The Juneau Assembly's Finance Committee on Wednesday unanimously agreed to work with the Southeast Alaska Regional Health Consortium to provide bond assistance for a new Juneau clinic.
SEARHC is asking the city to extend $6.7 million in pass-through revenue bonds to help build a $9.5 million clinic, SEARHC President Ken Brewer said.
The city wouldn't be financially obligated to repay the debt and the bonds would not affect the city's credit, City Finance Director Craig Duncan said. The funding would allow SEARHC, a nonprofit group providing health services primarily to Alaska Natives, to take advantage of tax-exempt bonds and a lower interest rate, he said. An ordinance appropriating the funds would come back to the Assembly for consideration.
The proposed 32,000-square-foot clinic would be built on 2.5 acres of SEARHC land near Bartlett Regional Hospital, Brewer said. SEARHC used a similar financing arrangement with the city when it built its Juneau clinic in the late 1980s, he said.
SEARHC's 12,000-square-foot clinic was built for 20,000 patient visits a year, and the organization expects 33,475 patient visits this year. Lack of space is limiting the services SEARHC provides, Brewer said.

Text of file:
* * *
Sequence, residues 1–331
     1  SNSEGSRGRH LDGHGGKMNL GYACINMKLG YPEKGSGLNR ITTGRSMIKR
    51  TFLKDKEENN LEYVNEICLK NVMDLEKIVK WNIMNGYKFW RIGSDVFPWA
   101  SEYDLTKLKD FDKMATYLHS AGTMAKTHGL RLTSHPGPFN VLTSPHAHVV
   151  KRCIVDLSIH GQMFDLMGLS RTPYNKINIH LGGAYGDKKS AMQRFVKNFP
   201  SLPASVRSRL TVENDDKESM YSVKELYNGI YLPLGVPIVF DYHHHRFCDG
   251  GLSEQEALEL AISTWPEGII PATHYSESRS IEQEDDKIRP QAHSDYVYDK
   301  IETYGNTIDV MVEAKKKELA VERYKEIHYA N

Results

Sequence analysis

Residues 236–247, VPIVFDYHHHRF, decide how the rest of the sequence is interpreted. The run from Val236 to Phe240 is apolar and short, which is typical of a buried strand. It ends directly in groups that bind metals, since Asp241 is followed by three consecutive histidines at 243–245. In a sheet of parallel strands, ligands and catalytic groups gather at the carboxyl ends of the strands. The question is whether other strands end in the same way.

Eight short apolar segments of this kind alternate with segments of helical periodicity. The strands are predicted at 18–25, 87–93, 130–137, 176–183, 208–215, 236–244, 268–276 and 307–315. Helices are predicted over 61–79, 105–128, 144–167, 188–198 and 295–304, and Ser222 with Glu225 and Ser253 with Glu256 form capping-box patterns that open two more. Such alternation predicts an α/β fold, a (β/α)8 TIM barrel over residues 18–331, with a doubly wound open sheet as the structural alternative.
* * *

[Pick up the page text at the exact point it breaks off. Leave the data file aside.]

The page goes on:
"We cannot see any more patient visits," he said. "We can't get more people in the door."
The Finance Committee also listened to budget requests from the Juneau Arts and Humanities Council, Perseverance Theatre, the Alaska Conservatory Theatre, the Juneau Economic Development Council and the Juneau Alliance for Mental Health Inc.
The Assembly is keeping a running list of new funding requests and will consider the package as a whole May 23, Finance Committee Chairwoman Cathy Muoz said.
Assembly members agreed to put $25,000 for a new arts center feasibility study on the list, along with $108,000 for the Juneau Economic Development Council and $9,000 for the Perseverance and Alaska Conservatory Theatres. The Assembly also agreed to consider a separate $150,000 capital project and endowment request from Perseverance.
The city is projecting a $2.3 million budget surplus in fiscal year 2002, although Assembly member Dale Anderson cautioned against using the word surplus.
"Cutting taxes would be a wonderful thing to the community and would have widespread benefit," he said, suggesting the Assembly lower the property tax mill rate. "This is not our money. It belongs to the citizens of the borough."
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